Quite a while ago my girls and I attended a community event in the park – Carols by Candle Light, run by one of our local churches. It was a great night of Christmas carols held outdoors under a summer sky and we all had a blast. At the event they had a stage with a contemporary rock band playing all our favourites while the girls danced with glow sticks and fake candles, plus there were food stalls and extra activities set up for the kids – including a GIANT game of snakes and ladders along with a giant dice. Ever since we played that giant game I’ve wanted to make my own giant dice just because they’re awesome. It’s been a while (two years in fact) but I’ve finally gotten around to it.
The original dice was a beauty – a square-ish cardboard box painted thickly in bright colours with hand-painted numbers on each panel. I wish I could find a picture of it. The one I’ve made is about half the size and constructed a bit differently, but it’s still very simple to make and you can be done and dusted in under 30 minutes.
You Will Need
• recycled scrap cardboard carton, enough to cut six panels of the same size
• duct tape
• brightly coloured paper
• a large round circular hole punch
• sharp scissors or a metal ruler, craft knife and cutting mat
• glue stick
Cut six square panels from your scrap card. To get them all the same size, first cut out one and use it as a template to trace five more. To get the original square you can use our printable template, or measure and cut one to size to your own preference (you could make it way bigger than ours). It’s important that each corner is exactly square so that it fits together well.
Lay your pieces out in a basic cube pattern, like below, and then tape securely on the back with duct tape.
Fold into a cube shape, taping the inside of the box for extra sturdiness (it’s going to need to withstand a few bumps).
To stick the final panel in place I placed tape on each of the three adjoining sides an pressed the panel down – slightly fiddly but easy enough. When you’re finished this step you should be left with a cardboard cube, and all you need to do now is reinforce the sides with more duct tape on the outside and add the coloured dots. Use your hole punch to cut the numbers from one through to six in different colours and glue on with a glue stick.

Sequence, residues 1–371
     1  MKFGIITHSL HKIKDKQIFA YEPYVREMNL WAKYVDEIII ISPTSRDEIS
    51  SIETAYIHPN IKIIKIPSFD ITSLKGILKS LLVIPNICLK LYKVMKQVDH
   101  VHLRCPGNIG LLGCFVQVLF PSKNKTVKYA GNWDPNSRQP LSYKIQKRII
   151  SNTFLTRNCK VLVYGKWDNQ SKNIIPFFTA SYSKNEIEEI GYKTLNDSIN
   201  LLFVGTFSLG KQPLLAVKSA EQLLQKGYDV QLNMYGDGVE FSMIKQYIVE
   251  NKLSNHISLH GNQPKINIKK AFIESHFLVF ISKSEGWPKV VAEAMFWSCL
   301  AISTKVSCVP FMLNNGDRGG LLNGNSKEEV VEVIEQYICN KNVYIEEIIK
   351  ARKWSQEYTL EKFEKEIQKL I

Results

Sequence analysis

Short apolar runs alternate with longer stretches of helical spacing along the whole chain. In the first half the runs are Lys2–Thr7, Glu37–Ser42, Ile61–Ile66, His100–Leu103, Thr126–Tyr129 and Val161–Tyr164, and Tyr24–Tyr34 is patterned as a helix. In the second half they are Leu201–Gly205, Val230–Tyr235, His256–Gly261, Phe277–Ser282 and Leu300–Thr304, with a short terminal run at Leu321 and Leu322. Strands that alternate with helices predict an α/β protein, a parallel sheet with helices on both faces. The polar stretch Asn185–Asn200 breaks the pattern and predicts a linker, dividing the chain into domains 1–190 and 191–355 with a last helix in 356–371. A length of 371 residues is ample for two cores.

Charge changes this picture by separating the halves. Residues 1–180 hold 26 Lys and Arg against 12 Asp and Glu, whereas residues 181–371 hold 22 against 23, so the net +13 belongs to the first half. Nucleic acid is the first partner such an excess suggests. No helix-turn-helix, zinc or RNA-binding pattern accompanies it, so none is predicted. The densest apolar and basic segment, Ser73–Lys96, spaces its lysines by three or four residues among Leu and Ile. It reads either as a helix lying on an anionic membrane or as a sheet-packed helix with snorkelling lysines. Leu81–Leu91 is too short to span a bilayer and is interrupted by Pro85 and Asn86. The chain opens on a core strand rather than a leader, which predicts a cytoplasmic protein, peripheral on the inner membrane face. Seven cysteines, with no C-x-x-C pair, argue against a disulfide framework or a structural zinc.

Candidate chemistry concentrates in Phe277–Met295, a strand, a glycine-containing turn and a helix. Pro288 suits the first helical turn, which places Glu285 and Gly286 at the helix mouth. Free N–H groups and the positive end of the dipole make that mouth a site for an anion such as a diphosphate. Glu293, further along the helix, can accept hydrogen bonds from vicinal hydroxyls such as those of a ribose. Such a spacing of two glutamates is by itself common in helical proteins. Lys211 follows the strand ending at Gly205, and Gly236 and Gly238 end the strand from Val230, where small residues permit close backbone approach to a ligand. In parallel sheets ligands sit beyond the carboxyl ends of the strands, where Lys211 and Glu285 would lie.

And that’s all there is to it!
You might think that a dice created from cardboard wouldn’t be very durable, but’s it’s actually quite sturdy and strong. When used in the way it’s supposed to it should last a while – at least until the kids start peeling off the dots and poking scissors into the side (which happened the first time I made one BEFORE I got the chance to photograph it for the blog, cheeky kids!).
Now your giant dice is ready for some giant games. We’ll have some to post soon here on the blog so if you need some inspiration keep an eye out, or you could let your imagination run wild and design your own. There is also a list of fun and educational dice games to go along with our lucky dice shaker craft that you might like to try, or you could use your dice to solve arguments like we do (e.g. the person who rolls the highest number gets first turn on the computer – it’s way better than flipping a coin because they can’t fight over who gets to be heads and who’s stuck with tails, lol).
More recycled cardboard craft ideas
• Make a simple DIY shoe lacing card
• Create a cardboard castle or sea monster mask
• Make a whirlygig with a scrap of cardboard and our printable templates
• Make a Noahs Ark from a cardboard box
• Construct a flying fairy car from a box
Visit our cardboard creations board on Pinterest for some more amazing inspiration. I love crafting with recycled cardboard, it’s such a great medium and has the added bonus of being free!
Very cool. I will have to show my son because he is always cutting up cardboard and constructing things!
Ohhh fun idea!! So much potential for play here 🙂
Dice is so expensive but this is such a simple way to make one and more fun too.
I really must make some of these for class! Such a great idea 🙂
Love this fun and educational idea, will be making one for my class! Thank you
Thanks Kari, hope the class like it 🙂
good idea indeed.
just to have a ‘real’ dice, sum of points on opposite sites must be always 7. meaning that you cannot have 4 and 3 side by side like on the picture. 🙂
Great observation, I didn’t know that!
SIMPLE BUT BRILLIANT! THANK YOU FOR SHARING YOUR IDEA.
Thank you! Glad you like them
So much fun!!
I am making five of these die. They are 3 1/2 “. These is the size you need to play Yardzee. The only thing I did different was I don’t have a paper punch so I am just drawing circles using a template and cutting them out. I also have decided to put Mod Podge on each of the die to secure the dots better. They are turning out really cute and I am excited to use them.
That’s fantastic! I hope you have fun with the yard-zee, what a good idea.
Did you know though that opposite sides of a dice should add up to seven? So four would be opposite three for example.
I Didn’t know that! How interesting and thanks for sharing
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Thank you for this simple DIY!